Sunday, September 27, 2015

Fit for What? (Hebrews 12.1-11)


Sermon by: Robert Austell; September 27, 2015
Text: Hebrews 12:1-11

:: Sermon Audio (link) ::
Click link to open and play in browser; right-click to save. Sermon audio is also accessible as a free podcast in iTunes. Search for "Good Shepherd Sermons" or "Robert Austell." 

:: Some Music Used ::
Hymn of Praise: Come All Christians, Be Committed (BEACH SPRING)
Song of Response: One Pure and Holy Passion (Altrogge)
Offering of Music: Lead Me, Guide Me (Eric VanderHeide, solo) (Akers/Smallwood)
Song of Sending: Take My Life/Here Am I (ref. Tomlin/Giglio)
Postlude: Rick Bean, piano

:: Sermon Manuscript (pdf)::
This "manuscript" represents an early draft of the sermon. Some weeks the spoken version varies more than others from the early manuscript. Nevertheless, if you'd prefer to read than to listen, this is provided for that purpose.



“How ya doing?”

That’s something we often say to each other in greeting. And often the quick response is “fine.” Or sometimes, if it’s someone we think will hear more than that (or if our filter is down), we’ll say more: “I’m having a hard time” or “not too good.”

“What are you doing?” – That’s another question we ask. Often children will ask that of parents or others. And that’s a question we often ask at church. Or we try to answer it: “Here’s what you should be doing.”

But the deeper question, the one we ask far less, whether of others or even of ourselves, is “Why?”

“Why are you doing what you are doing? And why are you having a hard time?” What drives you? What motivates you? Where are you headed?

I had the opportunity this past week to take part in something where I was encouraged to ask all those questions, from “How are you doing?” to “What are you doing?” to “Why are you doing it?” I want to share some of what I learned and invite you to ask those questions as we look together at this passage from Hebrews 12. I’ve chosen the Message translation today because I think it presses the translation a bit into words and phrases that may get through our filters and reach us in a way we need to hear.

“Start running – and never quit!” (v. 1)


In the middle of verse 1 we read, “Start running – and never quit!” That sounds kind of horrible, doesn’t it? Is that really in the Bible? But what this passage is picking up on is the example from the previous chapter of men and women who ran after God and ran to God, people who were blessed and a blessing because they participated in God’s work in this world. And they are lifted up both as “pioneers who blazed the way” but also as “veterans cheering us on.”

Said another way, and to quote Bruce Springsteen, we were “born to run.” But we run after and to all kinds of things. Even if we might be described as inactive and lazy, we are figuratively running – perhaps in that case AWAY from something.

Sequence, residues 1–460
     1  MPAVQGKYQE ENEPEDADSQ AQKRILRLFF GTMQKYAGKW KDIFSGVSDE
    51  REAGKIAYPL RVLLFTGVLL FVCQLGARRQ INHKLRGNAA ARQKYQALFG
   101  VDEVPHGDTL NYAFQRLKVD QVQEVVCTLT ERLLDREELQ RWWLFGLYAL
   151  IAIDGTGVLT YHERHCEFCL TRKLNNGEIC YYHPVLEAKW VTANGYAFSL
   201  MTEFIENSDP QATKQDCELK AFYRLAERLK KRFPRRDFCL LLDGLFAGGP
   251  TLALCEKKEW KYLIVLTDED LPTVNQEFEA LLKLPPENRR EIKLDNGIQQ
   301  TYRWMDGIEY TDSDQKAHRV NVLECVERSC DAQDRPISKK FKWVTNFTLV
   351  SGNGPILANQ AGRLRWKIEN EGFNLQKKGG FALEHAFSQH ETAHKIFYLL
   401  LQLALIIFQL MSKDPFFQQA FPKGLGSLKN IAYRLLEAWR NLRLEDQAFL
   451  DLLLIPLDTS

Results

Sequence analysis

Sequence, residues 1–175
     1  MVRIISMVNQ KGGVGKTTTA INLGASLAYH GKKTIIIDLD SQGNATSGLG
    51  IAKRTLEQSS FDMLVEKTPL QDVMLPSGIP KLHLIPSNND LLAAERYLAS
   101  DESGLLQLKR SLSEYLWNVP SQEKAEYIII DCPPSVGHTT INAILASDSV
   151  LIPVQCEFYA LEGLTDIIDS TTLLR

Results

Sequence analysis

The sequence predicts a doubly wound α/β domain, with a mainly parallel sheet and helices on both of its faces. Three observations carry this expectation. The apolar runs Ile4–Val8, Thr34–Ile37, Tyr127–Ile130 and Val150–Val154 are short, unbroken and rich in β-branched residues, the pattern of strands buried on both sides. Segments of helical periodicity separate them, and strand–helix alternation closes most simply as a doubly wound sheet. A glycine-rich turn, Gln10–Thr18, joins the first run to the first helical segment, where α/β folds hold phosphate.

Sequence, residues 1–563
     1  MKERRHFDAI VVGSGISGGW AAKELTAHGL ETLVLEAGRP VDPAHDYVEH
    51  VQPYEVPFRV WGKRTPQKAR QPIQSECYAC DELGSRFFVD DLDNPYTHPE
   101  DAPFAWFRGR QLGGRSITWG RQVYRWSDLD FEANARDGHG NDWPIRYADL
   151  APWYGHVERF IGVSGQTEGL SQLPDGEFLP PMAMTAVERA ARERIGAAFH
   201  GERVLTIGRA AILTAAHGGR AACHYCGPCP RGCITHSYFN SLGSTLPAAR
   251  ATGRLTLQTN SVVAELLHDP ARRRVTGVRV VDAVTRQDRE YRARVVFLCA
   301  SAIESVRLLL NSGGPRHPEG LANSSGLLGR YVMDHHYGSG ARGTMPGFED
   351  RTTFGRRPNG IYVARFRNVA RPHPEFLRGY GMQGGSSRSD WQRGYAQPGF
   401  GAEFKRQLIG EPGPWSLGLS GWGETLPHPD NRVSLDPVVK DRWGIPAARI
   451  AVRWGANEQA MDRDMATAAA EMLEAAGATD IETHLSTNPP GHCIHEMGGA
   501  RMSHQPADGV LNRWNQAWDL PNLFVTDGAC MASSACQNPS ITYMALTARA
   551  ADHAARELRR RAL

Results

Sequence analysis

What are you doing? Are you running away from something or someone? Are you running after or to something or someone? And why do you do it?

The Bible lifts up God, not only as the one who made us and gives us purpose, but as the One who loves us most perfectly. The writer of Hebrews lifts up a number of men and women who ran after and to God and reminds us of God’s perfect love for us. The gist of the message in chapter 12 then is “the best thing you could do is to run to God!”

And this writer urges, “Start running – and never quit!” But running a race is not easy… life is not easy… and faithfulness is not easy.  But we are told to persevere… hang in there… don't give up.  Keep working at removing the hindrances and the sin… keep on running the race.

“No extra spiritual fat, no parasitic sins” (v. 1b)


Our usual translation warns us to “lay aside every encumbrance and the sin which so easily entangles us.” And that is not unintelligible, but somehow it lets me off the hook. If I can carry the “encumbrance” and not get tripped up by sin, then I must be okay. But did you hear the Message translation? That nails me: “No extra spiritual fat, no parasitic sins.” I know enough about physical health to know that I can carry extra fat, but it’s not healthy for me. And the image of sin as a parasite, living off me – that is a) disgusting; and b) convicting.

In fact this hits very close to home in a literal way. One of the things I became convicted of this past week is that I had been coasting along satisfied with being “healthy enough.” After all, I lost a bunch of weight two years ago and “got healthy.” And I’ve maintained the exercise – which is good! But some extra weight crept back on. It’s leveled off, but it’s not healthy. It came about through patterns and habits of eating that are literally sucking the life out of me, even as I exercise and pursue health. And what a parable on my spiritual life as well! In fact, that’s just what Hebrews 12 is about. Most of us, if we believe in Christ, are running the race in some way or another. But it is easy to pick up extra spiritual weight, parasitic behaviors and habits, which bog us down. Can you relate?